Handshake Etiquette

From Amy Vanderbilt's complete book of etiquette: a guide to gracious living (1957).

A handshake is as much a part of personality as the way we walk, and although we may modify and improve a poor handshake if someone calls our attention to it, it will usually be just like us, assured or timid, warm or cool.

Bad handshakes include the bone crusher—the grip that makes the other person, especially a woman wearing rings, wince. Or a limp, damp handshake that seems to say, "I am not really happy to meet you at all!" Or it may be the kind of straight-arm shake that seems to hold the other person off, or the octopus grip that draws you inexorably toward the shaker, who never seems to want to let go. Then there's the pump handle, or country bumpkin shake, and the very Continental style—reserved for women—which, though not a hand kiss exactly, is cozy and overlong, ending in an intimate little squeeze.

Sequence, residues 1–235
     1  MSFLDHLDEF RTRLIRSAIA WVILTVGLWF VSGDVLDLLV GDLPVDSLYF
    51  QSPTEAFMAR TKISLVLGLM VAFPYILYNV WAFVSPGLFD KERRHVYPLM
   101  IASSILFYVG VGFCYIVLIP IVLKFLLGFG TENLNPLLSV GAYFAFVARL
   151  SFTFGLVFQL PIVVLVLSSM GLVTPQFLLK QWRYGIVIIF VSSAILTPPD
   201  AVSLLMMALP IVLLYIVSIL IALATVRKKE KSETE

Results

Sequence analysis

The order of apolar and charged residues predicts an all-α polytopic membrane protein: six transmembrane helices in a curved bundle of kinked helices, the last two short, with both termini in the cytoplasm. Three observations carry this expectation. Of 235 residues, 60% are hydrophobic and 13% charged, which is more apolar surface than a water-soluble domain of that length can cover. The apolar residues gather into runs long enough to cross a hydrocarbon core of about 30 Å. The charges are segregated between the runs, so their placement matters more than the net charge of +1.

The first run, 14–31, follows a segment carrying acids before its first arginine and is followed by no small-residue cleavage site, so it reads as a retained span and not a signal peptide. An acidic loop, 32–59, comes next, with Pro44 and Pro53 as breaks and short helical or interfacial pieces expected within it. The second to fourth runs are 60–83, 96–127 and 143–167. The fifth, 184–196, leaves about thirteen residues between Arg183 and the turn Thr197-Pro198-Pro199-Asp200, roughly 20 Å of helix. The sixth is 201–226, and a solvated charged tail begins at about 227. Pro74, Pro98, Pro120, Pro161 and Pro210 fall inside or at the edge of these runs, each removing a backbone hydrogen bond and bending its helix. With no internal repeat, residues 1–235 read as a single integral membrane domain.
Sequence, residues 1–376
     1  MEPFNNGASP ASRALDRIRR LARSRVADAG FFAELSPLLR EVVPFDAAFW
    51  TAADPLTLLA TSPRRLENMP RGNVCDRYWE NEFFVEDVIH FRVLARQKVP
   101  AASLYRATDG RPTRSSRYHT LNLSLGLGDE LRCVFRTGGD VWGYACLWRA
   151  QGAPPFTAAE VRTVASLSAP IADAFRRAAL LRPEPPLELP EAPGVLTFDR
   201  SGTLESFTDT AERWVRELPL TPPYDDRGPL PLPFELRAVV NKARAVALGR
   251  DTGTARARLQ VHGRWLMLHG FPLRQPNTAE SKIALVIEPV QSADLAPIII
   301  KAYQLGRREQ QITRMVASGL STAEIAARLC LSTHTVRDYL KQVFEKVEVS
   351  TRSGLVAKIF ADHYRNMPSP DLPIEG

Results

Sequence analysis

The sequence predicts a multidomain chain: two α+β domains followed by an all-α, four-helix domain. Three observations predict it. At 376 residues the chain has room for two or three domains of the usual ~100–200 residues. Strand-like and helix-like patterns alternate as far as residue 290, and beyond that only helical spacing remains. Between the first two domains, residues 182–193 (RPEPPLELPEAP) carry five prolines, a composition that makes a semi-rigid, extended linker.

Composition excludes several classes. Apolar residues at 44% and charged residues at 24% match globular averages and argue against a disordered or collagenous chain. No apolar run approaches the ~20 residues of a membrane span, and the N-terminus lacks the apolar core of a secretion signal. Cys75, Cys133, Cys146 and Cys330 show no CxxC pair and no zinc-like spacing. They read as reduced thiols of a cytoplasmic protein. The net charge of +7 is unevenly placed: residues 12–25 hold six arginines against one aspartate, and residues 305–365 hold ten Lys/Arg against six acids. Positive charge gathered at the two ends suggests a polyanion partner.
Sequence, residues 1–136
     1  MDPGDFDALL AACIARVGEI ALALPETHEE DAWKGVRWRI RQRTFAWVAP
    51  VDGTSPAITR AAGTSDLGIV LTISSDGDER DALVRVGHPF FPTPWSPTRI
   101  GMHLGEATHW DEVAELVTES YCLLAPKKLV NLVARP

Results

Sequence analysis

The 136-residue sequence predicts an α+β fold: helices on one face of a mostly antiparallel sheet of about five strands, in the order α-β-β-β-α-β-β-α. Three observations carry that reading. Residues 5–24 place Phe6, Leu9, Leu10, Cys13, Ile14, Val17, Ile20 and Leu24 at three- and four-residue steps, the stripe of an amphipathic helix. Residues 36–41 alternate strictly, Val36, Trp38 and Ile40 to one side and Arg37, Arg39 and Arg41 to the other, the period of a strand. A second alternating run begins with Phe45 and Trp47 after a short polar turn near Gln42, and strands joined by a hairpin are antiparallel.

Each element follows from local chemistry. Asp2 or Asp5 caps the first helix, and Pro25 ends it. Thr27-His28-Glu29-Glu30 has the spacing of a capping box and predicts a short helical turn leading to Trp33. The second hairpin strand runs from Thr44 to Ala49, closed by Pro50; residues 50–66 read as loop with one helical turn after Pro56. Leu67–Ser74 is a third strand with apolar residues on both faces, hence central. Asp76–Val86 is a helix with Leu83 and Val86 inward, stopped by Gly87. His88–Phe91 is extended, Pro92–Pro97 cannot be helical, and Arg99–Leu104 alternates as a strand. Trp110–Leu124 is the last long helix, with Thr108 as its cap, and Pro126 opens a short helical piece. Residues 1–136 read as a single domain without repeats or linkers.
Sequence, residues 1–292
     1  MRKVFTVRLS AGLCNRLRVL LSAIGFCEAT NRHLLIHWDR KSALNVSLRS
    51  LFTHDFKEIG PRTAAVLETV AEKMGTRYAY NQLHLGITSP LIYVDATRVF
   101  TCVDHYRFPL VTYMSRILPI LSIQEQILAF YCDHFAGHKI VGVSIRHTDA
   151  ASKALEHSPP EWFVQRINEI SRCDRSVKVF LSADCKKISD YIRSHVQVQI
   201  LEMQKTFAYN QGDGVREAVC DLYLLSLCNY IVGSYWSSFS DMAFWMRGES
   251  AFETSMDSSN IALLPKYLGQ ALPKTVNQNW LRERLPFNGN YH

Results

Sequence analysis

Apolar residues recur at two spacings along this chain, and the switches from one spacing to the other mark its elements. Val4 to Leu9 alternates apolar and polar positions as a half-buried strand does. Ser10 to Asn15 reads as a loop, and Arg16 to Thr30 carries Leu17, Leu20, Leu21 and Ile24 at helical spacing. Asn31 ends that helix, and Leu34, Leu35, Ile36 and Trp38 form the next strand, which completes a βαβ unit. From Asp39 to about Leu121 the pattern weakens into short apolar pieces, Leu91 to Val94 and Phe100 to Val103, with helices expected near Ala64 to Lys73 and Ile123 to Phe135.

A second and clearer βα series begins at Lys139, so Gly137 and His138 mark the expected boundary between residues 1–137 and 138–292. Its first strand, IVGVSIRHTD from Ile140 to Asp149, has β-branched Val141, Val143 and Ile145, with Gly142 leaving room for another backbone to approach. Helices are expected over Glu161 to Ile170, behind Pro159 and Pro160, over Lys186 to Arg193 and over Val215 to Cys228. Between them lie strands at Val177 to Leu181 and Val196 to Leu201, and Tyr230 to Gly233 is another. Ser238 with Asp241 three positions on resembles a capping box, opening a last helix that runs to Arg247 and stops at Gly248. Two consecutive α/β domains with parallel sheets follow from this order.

The good handshake is elbow level, firm and brief. A man does not offer to shake hands with a woman unless she makes the move first. Outdoors, it is no longer necessary for him to keep her waiting awkwardly while he removes his glove, nor need he apologize for taking her hand with his glove on. Whether he is shaking the hand of a man or a woman, the shaker must look the person he is greeting firmly in the eye and, at least, look pleasant, if he doesn't actually smile.

The Octopus Grip

The Bone-Crusher
Pittsburgh Post-Gazette - Nov 21, 1952

     Posted By: Alex - Wed Feb 28, 2018
     Category: Etiquette and Formal Behavior | 1950s

"Combining the octopus and bone crusher grips can lead to hair loss and bone spurs."
Posted by Bill the Splut on 02/28/18 at 01:15 PM
I despise the handshake. See the article for all the reasons!
Posted by David Plechaty on 03/05/18 at 12:57 AM
All persons who in shaking hands, shake hands with you like that... they never would be missed!
Posted by Richard Bos on 03/10/18 at 05:10 AM
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